Diabetes-related discomfort is prevalent in rural Punjab.

Diabetes anxiety reduces motivation for self-care, which may impact the patients physical and mental well-being . Diabetes anxiety reduces motivation for self-care, increasing the chances of diabetes mellitus complications and mortality .

CHANDIGARH: As Punjab is dealing with a high prevalence of type two diabetes, an alarming number of patients who were examined by PGIMER, Chandigarh, were found to be in distress from diabetes, which has a negative effect on self-care.Patients with normal blood glucose levels are aided by proper diet, appropriate therapy, self-monitoring, and physical fitness.Diabetes anxiety reduces motivation for self-care, which may impact the patient's physical and mental well-being, increasing the chances of diabetes mellitus complications and mortality as a result.A PGIMER team conducted a survey in rural Punjab, in which 700 patients with an average age of 56 years, mainly from the middle socioeconomic group, were included to determine the prevalence, variables, and effect on self-care practices of diabetes-related distress.

Up to 637 patients, which accounts for 91 percent of the total sample, reported to be under intense emotional stress, indicating that they lack family and social support, which is a critical factor in diabetes treatment and enhancing quality of life.In 72% (504) of the participants, serious regimen-related distress was identified, causing low self-efficacy, which is crucial for disease self-management.357 patients (51%) were under heavy emotional pressure, while 342 were in moderate emotional distress.A high degree of emotional distress could be attributed to a lack of family support.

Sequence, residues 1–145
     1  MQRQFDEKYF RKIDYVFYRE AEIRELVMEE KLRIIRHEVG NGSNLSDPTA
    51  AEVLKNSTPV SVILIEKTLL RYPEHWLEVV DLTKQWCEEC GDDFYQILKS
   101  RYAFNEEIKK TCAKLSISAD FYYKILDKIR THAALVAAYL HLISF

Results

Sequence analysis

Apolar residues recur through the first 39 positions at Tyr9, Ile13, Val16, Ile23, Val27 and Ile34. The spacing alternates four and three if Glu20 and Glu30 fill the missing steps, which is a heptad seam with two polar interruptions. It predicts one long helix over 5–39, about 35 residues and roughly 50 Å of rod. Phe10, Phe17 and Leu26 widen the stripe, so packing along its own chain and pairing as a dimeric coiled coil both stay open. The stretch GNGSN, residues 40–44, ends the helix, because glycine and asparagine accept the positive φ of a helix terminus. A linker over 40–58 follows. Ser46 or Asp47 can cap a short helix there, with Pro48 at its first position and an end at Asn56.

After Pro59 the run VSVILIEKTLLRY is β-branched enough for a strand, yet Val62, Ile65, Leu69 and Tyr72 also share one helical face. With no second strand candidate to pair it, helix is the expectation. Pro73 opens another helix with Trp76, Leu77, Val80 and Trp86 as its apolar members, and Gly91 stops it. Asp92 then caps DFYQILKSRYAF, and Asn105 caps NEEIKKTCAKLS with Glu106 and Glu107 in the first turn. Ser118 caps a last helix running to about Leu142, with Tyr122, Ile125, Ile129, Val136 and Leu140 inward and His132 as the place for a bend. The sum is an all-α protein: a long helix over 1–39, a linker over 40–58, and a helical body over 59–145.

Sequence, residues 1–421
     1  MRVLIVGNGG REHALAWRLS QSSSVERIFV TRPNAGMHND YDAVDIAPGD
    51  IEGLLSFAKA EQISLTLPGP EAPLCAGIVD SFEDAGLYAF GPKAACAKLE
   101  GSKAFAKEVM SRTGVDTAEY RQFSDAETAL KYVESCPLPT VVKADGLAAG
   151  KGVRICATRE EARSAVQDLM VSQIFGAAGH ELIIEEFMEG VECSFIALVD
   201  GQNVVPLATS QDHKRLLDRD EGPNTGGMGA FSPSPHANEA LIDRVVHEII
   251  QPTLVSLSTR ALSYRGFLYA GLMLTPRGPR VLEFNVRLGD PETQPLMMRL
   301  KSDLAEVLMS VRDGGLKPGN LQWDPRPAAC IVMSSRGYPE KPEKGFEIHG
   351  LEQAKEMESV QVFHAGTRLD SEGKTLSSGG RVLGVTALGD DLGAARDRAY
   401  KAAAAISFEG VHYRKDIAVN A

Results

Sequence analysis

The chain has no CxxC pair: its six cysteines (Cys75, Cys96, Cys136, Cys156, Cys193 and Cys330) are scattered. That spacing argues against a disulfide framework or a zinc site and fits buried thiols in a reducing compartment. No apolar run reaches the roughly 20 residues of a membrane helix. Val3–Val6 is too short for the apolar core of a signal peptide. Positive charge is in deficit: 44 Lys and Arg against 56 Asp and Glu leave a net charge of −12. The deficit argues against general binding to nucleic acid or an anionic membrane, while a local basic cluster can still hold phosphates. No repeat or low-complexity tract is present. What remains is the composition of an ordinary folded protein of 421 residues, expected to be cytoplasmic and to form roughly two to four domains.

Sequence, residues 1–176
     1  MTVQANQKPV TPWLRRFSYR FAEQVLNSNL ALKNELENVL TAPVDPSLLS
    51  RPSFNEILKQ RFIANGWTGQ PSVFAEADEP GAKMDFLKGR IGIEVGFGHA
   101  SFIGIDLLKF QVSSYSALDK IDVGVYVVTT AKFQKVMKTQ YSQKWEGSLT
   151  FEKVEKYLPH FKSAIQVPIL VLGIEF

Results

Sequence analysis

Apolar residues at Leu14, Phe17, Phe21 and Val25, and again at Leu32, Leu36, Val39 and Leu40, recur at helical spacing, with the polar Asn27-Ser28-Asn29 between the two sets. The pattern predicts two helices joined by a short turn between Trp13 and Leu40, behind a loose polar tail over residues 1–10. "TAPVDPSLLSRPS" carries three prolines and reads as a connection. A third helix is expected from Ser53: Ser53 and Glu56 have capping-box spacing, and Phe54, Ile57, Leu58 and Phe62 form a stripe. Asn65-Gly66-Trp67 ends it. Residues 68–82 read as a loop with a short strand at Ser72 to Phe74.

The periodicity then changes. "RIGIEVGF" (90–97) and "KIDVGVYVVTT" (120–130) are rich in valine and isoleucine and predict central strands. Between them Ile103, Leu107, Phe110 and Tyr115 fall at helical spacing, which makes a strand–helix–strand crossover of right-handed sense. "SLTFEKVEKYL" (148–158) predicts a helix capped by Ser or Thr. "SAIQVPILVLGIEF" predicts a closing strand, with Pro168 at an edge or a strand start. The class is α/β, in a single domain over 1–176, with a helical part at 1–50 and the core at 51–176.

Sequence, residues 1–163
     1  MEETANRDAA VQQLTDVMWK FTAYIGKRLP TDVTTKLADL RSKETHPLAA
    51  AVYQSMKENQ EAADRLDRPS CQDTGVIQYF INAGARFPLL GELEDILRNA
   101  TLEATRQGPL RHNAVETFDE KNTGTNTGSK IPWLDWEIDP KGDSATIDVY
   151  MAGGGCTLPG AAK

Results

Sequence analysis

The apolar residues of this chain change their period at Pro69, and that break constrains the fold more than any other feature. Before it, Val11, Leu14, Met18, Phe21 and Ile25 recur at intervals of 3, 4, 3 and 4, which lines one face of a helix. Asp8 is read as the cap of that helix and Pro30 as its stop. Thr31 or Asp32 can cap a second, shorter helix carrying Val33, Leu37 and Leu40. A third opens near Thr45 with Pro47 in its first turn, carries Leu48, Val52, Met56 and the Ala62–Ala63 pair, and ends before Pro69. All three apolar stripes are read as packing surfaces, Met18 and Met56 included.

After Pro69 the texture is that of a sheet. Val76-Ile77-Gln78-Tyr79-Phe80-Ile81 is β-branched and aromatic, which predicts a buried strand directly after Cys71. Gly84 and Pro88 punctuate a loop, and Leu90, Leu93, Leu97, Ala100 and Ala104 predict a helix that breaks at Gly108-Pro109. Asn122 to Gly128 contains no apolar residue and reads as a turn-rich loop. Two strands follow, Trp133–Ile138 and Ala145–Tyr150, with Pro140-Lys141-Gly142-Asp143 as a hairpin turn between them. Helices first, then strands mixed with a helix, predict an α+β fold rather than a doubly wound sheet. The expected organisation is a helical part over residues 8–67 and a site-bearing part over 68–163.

Overall, 56% of the participants were in serious pain.Self-care programs can help a person live well with diabetes; however, the majority of participants were found to be lagging on a healthy diet, physical fitness, regular blood glucose monitoring, and foot care.Only 345 (49%) of patients were using the drugs prescribed by the treating physician, while 199 (28%) were doing physical fitness, 190 (27%) were monitoring their blood sugar as recommended by doctors, 152 (22%) were doing foot care, and only 106 (15%) were eating fruits and vegetables.The results of the study carried out by Dr Saurabh Kumar Gupta, Dr PVM Lakshmi, and Dr Manmeet Kaur of the department of community medicine and school of public health, as well as Dr Ashu Rastogi of the department of endocrinology, have been published in the latest edition of the international journal Diabetes Research and Clinical Practice.

Apart from these personal ramifications, constant exertion of self-care activities and environmental conditions could be a contributing factor to extreme anxiety in the study group, according to the report.